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United States-Mexico-Canada Trade Agreement Ratified

USMCA will take effect on 1 June, now that Canada has vote to approve the agreement.

 The U.S., Mexican and Canadian governments have now all ratified the United States-Mexico-Canada Agreement (USMCA), thereby replacing the North American Free Trade Agreement (NAFTA) governing trade policies among the three countries. The USMCA is scheduled to take effect on 1 June.

Canada Votes

Canada was the last country to approve the USMCA. In elections last fall, the Liberal Party of Canadian Prime Minister Justin Trudeau lost a ruling majority, thereby limiting its ability to expedite consideration of the agreement and the approving legislation came under scrutiny. However, the economic impact of COVID-19 and need for the Parliament to suspend its deliberations led to its quick passage on 13 March. The Canada Parliament is now in recess until at least 20 April.

U.S. Deliberations

The U.S. House of Representatives voted on 20 December 2019 (385 to 41) to pass legislation (H.R. 5430) to implement the U.S.-Mexico-Canada Agreement (USMCA). The United States Senate passed the bill by a vote of 89 to 10 on 16 January.

Mexico Votes

The Mexican legislature passed legislation in early December to implement the agreement. It had delayed consideration until concerns by the Mexican Government about five labor inspectors or attaches to be based at the U.S. Embassy in Mexico City were addressed. U.S. Trade Representative Robert Lighthizer wrote to Mexican Deputy Foreign Minister Jesus Seade to assure him the attaches would help coordinate the implementation of the labor reform provisions of the agreement and would not inspect Mexican facilities

President Trump made the renegotiation of NAFTA a key platform of his presidential campaign. On 2 February 2017, shortly after taking office, President Trump announced his intention to enter into negotiations with Canada and Mexico to revise NAFTA and on 30 November, the leaders of the three countries signed the agreement. The final revised agreement was then signed on 10 December of this year by their respective trade representatives. Both President Trump and Congressional Democrats, who pushed for additional labor reform considerations from the original deal, are stating the agreement as a victory while the Canadian and Mexican governments are also touting the provisions more favorable to their countries.

Tariff-Free Vehicle Thresholds

The new agreement increases the requirement for more of a vehicle’s parts to be assembled in North America to avoid tariffs. The level raises to 75% up from the 62.5% required in the original NAFTA. The deal also mandates an increasing percentage of parts on tariff-free vehicles to come from “high wage” factories with a minimum wage of at least $16/hr. This could cause some suppliers to shift work from away from Mexico to the U.S. or Canada, or to a lower wage country outside of North America.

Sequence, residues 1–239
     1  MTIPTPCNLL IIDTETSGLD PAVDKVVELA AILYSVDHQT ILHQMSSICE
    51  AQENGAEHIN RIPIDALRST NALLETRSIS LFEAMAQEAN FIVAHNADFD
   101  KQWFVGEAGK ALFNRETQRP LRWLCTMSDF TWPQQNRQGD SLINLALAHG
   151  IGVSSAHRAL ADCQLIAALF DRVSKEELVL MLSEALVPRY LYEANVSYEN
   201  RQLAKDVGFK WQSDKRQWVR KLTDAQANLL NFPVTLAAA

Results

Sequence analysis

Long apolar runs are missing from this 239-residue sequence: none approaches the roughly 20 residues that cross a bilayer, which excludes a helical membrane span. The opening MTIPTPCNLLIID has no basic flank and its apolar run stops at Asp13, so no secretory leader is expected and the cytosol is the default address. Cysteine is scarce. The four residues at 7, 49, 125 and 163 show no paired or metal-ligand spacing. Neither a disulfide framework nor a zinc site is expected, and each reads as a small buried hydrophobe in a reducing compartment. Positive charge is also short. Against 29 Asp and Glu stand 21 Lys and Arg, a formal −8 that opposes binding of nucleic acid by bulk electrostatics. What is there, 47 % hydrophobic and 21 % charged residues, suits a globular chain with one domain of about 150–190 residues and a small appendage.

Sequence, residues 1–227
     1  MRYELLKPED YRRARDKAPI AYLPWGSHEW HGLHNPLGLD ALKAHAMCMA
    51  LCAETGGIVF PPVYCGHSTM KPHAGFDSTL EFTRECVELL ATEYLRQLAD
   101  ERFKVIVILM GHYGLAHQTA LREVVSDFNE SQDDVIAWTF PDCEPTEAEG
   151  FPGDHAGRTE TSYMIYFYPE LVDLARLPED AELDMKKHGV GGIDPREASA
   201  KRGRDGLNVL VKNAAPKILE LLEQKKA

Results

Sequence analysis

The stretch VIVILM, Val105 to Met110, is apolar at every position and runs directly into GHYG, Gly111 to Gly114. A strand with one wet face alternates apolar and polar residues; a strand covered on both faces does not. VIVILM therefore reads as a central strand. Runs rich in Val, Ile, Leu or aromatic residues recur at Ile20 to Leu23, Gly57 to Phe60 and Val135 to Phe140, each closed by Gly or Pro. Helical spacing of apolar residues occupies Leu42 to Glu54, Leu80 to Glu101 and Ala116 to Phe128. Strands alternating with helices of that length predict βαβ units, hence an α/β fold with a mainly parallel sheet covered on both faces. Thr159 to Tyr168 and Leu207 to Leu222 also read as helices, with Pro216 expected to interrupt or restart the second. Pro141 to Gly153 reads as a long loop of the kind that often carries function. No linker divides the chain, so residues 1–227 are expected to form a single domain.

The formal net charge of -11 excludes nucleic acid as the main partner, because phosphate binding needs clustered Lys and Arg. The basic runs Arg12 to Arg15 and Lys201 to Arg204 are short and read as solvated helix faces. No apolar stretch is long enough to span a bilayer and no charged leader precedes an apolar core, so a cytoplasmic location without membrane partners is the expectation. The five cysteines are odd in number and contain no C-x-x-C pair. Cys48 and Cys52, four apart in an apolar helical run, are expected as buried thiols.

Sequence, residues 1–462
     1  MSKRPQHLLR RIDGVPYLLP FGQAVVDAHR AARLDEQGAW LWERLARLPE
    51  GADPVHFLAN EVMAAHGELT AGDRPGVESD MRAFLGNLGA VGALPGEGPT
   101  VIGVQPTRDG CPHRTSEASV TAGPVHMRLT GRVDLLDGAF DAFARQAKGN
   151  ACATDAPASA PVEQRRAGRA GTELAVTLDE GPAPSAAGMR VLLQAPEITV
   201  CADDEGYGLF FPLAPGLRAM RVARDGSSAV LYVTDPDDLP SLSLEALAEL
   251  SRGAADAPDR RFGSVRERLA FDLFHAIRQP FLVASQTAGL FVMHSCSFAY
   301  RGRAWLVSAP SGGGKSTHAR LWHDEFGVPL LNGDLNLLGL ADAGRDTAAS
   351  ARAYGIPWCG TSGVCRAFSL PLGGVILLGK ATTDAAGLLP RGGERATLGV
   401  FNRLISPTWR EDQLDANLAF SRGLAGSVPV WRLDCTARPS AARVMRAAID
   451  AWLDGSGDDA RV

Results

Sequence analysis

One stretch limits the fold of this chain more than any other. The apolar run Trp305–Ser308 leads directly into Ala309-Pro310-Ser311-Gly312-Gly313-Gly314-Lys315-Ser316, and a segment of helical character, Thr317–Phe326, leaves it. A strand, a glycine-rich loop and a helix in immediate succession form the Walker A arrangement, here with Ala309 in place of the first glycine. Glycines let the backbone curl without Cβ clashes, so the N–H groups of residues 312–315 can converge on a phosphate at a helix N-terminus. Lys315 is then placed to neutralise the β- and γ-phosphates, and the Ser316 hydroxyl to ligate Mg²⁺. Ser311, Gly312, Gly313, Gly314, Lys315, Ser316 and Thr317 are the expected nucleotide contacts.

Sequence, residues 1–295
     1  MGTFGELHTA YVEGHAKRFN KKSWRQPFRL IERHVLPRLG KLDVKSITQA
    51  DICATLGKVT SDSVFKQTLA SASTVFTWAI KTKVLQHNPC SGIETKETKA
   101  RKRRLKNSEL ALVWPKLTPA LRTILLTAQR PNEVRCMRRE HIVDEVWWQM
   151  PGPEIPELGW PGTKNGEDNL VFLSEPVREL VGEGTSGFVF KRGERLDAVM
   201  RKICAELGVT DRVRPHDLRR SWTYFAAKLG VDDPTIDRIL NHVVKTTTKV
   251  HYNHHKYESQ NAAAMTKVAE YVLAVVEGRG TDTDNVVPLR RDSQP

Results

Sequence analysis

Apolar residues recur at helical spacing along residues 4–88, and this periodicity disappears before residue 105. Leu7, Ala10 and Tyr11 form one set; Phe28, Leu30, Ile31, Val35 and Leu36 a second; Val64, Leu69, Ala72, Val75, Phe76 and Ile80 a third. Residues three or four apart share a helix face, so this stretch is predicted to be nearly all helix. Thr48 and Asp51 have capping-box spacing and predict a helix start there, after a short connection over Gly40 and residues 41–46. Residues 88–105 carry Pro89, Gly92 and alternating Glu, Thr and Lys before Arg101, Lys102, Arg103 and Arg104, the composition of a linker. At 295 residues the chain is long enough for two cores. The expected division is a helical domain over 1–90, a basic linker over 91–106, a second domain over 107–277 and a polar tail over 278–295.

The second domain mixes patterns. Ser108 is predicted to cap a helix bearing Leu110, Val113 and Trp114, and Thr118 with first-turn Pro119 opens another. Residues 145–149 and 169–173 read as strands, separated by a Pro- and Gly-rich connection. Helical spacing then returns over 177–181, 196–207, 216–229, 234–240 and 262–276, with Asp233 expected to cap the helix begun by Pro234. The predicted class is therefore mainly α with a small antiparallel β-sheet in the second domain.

Dairy Markets

The new deal also opens Canadian dairy markets to increased U.S. exports. Canada has also agreed to end a system that it used to keep the prices of some milk products low. The Chapter 19 provision that helps resolve trade disputes between the three countries was kept in place, a win for the Canadian government. The new agreement contains increased intellectual property protections that have been updated to include new technologies that were not around when NAFTA was originally negotiated. The deal also calls for higher safety and environmental standards and states that Mexican workers must have more ability to organize and form unions.

 

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How This Impacts Mobility

Trade agreements have a significant impact on the business relationships between countries and thus the relocation of individuals between not only the countries involved in the agreement but others as well. The USMCA could impact the decision of particular business sectors and companies and possibly shift the locations of their operations and personnel in the U.S., Canada and Mexico and around the globe.

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